Challenge Cup semi-final: Michael Monaghan dreams of final bow
With brother Joel alongside him, the Warrington hooker will seek to end his successful career at ‘home from home’ Wembley by inflicting another Challenge Cup defeat on Leeds, reports Dave Hadfield
Dave Hadfield was a schoolboy convert to rugby league, the game which, one way or another, has dominated his life ever since. After working for newspapers in Shropshire and Blackpool (where he covered the fortunes of Blackpool Borough) he travelled the world, working mainly in Hong Kong and Sydney. He became The Independent's rugby league man in 1990 and has written five books on the game and broadcast extensively for Sky and the BBC. Dave played his last game at the age of 53 and would have set up a try if anyone could have been bothered supporting his break. When not writing about the sport, he now limits himself to a bit of tick and pass with his local club, the Bolton Mets. Family includes supporters - of varying degrees of dedication - of Salford, Wigan, Sheffield Eagles and St George Illawarra.
Wednesday 06 August 2014
For a hooker, the player who handles the ball more than any other in a rugby league team, the game is all about timing.
A few weeks ago it looked as though Michael Monaghan’s had deserted him completely. After six highly successful seasons at Warrington, his English career was set to peter out through injury.
Monaghan, part of three Challenge Cup triumphs since joining the Wolves in 2008, tore his calf muscle in the quarter-final win over Bradford. He had already announced his intention to retire at the end of the season and it seemed that his time might be up earlier than that.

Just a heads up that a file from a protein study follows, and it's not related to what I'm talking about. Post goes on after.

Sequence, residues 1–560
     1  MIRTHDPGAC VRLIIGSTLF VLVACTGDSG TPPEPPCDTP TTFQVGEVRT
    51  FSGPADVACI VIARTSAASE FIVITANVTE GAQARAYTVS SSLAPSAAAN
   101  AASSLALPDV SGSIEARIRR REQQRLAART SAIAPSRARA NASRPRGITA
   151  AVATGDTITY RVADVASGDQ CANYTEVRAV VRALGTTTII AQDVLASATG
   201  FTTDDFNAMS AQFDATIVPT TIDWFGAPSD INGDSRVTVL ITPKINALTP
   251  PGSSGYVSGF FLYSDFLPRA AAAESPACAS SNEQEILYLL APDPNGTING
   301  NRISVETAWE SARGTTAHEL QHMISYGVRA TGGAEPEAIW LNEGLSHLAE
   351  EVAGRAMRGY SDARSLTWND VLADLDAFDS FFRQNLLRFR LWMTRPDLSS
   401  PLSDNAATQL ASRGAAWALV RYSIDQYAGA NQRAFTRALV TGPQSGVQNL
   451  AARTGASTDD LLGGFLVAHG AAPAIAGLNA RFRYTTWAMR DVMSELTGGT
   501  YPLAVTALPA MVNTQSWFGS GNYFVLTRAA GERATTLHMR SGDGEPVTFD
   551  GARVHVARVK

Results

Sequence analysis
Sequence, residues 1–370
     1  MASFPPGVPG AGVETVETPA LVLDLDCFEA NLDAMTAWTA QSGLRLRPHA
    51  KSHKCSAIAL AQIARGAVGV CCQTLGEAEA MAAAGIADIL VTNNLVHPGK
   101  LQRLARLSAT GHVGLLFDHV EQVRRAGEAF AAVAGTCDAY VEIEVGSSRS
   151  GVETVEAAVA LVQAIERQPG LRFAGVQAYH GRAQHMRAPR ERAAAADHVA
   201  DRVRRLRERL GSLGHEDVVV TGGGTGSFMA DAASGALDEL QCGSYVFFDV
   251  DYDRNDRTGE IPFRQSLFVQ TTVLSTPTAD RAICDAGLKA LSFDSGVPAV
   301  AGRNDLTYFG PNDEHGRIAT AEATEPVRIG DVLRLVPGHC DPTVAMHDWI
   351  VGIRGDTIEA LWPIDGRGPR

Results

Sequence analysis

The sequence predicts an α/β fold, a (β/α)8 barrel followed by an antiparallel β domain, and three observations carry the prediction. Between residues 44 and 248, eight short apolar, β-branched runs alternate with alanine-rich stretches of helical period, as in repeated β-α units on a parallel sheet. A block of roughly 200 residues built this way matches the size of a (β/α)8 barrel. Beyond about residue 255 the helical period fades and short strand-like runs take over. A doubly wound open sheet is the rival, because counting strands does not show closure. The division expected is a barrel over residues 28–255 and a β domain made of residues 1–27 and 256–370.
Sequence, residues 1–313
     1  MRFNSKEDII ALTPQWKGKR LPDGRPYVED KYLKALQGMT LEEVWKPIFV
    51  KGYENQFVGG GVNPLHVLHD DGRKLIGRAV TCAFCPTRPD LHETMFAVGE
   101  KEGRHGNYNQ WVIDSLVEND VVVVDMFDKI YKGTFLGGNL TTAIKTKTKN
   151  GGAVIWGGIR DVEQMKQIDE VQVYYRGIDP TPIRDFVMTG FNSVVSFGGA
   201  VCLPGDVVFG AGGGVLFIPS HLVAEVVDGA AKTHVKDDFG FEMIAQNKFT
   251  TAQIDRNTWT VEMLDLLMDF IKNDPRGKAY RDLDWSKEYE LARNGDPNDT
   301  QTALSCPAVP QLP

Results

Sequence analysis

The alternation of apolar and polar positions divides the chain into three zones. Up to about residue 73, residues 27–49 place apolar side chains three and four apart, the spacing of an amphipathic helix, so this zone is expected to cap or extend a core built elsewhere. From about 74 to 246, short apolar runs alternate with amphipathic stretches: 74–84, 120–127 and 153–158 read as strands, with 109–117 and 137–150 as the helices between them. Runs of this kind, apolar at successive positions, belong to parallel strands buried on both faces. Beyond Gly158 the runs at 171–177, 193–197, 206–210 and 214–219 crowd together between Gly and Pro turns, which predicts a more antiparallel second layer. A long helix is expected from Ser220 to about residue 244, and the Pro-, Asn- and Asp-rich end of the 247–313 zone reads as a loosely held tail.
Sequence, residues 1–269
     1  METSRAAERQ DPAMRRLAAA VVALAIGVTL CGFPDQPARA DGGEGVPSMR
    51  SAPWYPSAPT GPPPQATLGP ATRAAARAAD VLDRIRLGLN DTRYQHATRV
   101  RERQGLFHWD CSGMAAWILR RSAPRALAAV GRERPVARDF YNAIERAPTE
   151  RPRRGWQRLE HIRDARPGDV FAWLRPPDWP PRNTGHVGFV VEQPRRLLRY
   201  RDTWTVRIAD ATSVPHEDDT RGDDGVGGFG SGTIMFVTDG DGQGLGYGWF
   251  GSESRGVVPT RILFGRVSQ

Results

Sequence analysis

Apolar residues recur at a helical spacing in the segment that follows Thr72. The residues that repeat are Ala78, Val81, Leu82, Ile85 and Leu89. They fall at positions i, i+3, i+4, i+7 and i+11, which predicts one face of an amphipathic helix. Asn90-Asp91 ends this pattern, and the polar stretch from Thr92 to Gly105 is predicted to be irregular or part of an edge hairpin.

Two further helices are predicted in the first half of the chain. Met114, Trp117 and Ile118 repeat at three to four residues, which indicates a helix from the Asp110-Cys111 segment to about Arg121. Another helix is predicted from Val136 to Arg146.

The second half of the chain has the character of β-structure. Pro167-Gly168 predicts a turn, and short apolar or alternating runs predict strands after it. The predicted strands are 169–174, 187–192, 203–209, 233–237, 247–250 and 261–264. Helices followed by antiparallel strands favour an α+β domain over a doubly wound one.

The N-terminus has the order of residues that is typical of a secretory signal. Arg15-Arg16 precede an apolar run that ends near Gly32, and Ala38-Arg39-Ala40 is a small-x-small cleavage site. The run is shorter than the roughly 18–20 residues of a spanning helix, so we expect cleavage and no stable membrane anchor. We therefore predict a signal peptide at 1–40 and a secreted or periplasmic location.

But the elder of the Monaghan brothers had other ideas and last week in the south of France proved he was fit to take his place for this most fraternal of clubs in Saturday’s Challenge Cup semi-final against Leeds. Not only that, but he was the best player on the field as the Wolves beat the Catalan Dragons 26-24 in Perpignan.
“Michael was unbelievable,” said his brother, Super League’s leading try-scorer, Joel, after that match. “He hasn’t played for 10 weeks and he turned in one of the best performances I’ve seen from him since I’ve been here.’
The Warrington coach, Tony Smith, echoed those sentiments. “Michael Monaghan was the difference between the two sides,” he said. “I thought he was out of this world in terms of his defence. He created errors in the opposition with the way he tackled.”
The Australian Monaghans are one of three sets of brothers on Warrington’s books, but the only pair likely to start the semi-final at St Helens’ Langtree Park.
The Welsh twins Rhys and Ben Evans have appeared together for the Wolves, although the winger, Rhys, is the one in line to appear in a Challenge Cup semi-final for the first time.
Chris Bridge is a regular at half-back or centre, while his younger brother, Danny, who made his first-team debut last season, is learning his craft as a second-rower in the academy.